$requestToken = $this->Session->read('geocache_request_token');
		$this->HttpSocket = $this->__createClient();
		$params = array(
			'oauth_verifier' => $_GET['oauth_verifier'],
			'oauth_token' => $_GET['oauth_token'],
		);
		$accessToken = $this->HttpSocket->getAccessToken('https://staging.geocaching.com/OAuth/oauth.ashx', $requestToken, 'POST', $params);
		$this->Session->write('access_token', $accessToken->key);
		$this->redirect(array('action' => 'index'));
	}
	private function __createClient() {
		return new OAuthClient('Consumer_Key', 'Consumer_Secret');
	}

Sending a POST request to geocaching.com

Geocaching.com's API is a little clunky in terms of POST requests. A few things to remember.

  • When sending a request, the Content-Type must be 'application/json'
  • Even though its a POST request, in order to get the format back in jason, you must append the url (Like a GET request) eg: https://geocaching.com/api/geocaches?format=Json


Enough talk. Here is a sample POST request.

<?
public function index() {
		$data = array(
			'AccessToken' => $this->Session->read('access_token'),
			'MaxPerPage' => 10,
			'PointRadius' => array(
				'DistanceInMeters' => 20 * 1609, //There are 1609.34 Meters in a mile. Miles x Meters
				'Point' => array(
					'Latitude' => '46.06502',
					'Longitude' => '46.06502',
				),
			),
		);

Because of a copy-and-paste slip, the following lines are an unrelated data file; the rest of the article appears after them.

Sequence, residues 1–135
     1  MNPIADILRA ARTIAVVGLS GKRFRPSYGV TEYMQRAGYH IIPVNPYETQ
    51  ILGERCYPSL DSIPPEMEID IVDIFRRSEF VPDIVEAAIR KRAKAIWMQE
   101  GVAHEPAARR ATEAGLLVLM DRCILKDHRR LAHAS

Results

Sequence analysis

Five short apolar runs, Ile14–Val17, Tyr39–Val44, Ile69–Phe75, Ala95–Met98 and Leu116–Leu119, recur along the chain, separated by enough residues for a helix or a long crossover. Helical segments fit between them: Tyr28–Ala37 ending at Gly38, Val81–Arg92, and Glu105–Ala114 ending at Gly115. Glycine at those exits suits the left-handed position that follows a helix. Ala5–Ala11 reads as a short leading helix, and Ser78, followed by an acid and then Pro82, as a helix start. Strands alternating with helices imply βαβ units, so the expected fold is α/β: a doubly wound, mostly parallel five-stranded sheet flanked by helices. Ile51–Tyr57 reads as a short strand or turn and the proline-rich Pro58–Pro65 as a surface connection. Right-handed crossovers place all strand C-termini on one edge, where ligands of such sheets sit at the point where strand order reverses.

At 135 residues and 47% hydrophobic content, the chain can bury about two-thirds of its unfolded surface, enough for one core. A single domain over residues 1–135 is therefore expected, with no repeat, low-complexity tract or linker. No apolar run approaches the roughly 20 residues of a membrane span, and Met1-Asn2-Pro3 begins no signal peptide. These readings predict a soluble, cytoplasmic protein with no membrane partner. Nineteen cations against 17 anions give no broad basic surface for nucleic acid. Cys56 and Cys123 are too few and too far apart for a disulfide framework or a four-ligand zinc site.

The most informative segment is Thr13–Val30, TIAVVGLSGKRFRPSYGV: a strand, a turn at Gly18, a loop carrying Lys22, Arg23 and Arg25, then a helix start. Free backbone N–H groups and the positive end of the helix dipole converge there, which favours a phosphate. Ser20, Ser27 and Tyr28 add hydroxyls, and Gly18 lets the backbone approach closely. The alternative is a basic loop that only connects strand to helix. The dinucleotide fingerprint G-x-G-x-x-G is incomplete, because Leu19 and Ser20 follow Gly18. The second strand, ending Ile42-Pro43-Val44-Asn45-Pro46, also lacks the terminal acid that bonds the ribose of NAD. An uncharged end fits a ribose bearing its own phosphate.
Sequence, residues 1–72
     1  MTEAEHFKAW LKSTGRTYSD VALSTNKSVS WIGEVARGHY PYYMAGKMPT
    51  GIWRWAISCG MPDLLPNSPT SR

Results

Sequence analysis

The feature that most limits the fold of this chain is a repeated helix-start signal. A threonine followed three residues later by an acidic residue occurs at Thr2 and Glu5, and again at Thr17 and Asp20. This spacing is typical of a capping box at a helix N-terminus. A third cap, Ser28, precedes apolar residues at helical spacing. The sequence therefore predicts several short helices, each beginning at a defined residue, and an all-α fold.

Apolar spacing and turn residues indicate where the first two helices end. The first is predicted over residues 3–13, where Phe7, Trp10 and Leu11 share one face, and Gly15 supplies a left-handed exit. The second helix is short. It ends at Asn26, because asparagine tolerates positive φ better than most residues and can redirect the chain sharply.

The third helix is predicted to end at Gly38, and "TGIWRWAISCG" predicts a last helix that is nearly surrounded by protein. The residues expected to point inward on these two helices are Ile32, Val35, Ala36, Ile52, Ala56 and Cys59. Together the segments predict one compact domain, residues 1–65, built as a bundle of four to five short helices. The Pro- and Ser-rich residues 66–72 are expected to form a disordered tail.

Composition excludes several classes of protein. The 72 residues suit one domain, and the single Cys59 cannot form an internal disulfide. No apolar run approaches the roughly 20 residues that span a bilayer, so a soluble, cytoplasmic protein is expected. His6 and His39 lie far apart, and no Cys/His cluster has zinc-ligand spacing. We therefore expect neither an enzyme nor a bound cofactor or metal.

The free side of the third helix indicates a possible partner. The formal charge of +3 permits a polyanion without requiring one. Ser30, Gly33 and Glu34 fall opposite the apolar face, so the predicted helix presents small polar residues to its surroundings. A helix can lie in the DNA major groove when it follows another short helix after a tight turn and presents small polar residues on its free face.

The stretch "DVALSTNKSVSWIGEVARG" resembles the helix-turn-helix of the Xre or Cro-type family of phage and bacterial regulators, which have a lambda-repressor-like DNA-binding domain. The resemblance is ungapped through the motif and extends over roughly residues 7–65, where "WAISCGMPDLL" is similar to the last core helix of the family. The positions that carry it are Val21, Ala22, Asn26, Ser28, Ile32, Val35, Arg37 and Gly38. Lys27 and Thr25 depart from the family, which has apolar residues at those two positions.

$request = array(
			'header' => array(
				'Content-Type' => 'application/json',
			),
		);
		$data = json_encode($data);
		$response = $this->HttpSocket->post('https://staging.api.groundspeak.com/Live/V6Beta/geocaching.svc/SearchForGeocaches?format=Json', $data, $request);
		pr($response->body());
		exit;
	}

GET requests


As for GET requests, there's nothing magic about those:

<?
public function index() {
		$data = array(
			'AccessToken' => $this->Session->read('access_token'),
			'format' => 'Json'
		)
		$response = $this->HttpSocket->get('https://staging.api.groundspeak.com/Live/V6Beta/geocaching.svc/GetAPILimits', $data);
		pr($response->body());
		exit;
	}
Notice 'format' key/value pair has been moved into the $data array. This is because we are using the GET method in HttpSocket. The $data is url encoded and passed as part of the URL for the get request, so putting it in the $data as expected, unlike when using POST.

Conclusion


Definitely one of the weirder API's I have run into, but Geocaching is awesome, and I encourage everyone to get out there and try it. Developers should definitely tap into the API and see what kinda cool stuff you can do with it! Happy Geocaching!

Most websites I see go in and over-explain how to grab data, eg. json, from an external website. This is a simple explanation of the SIMPLEST way to nab data.

This is going to go in and grab my gists from github and return the json data.

var url = 'https://api.github.com/users/alairock/gists';
  httpr = new XMLHttpRequest();
  httpr.open('GET',url, false);
  httpr.send();
  var statusText = httpr.statusText;
  var response = httpr.response;
  console.log(response);
What is giong on? Line-for-line:
1) Get the url we want to nab data from
2) instantiate the XMLHttpRequest object, which is used to go get and handle our data
3) the open method prepares our data to be retrieved and
4) the send method executes our prepared action
5) simply assigns the response message (If successful it will receive "ok")
6) Is the response. This is where all our json data from line 1 is stored.
7) Just outputs the data to our console.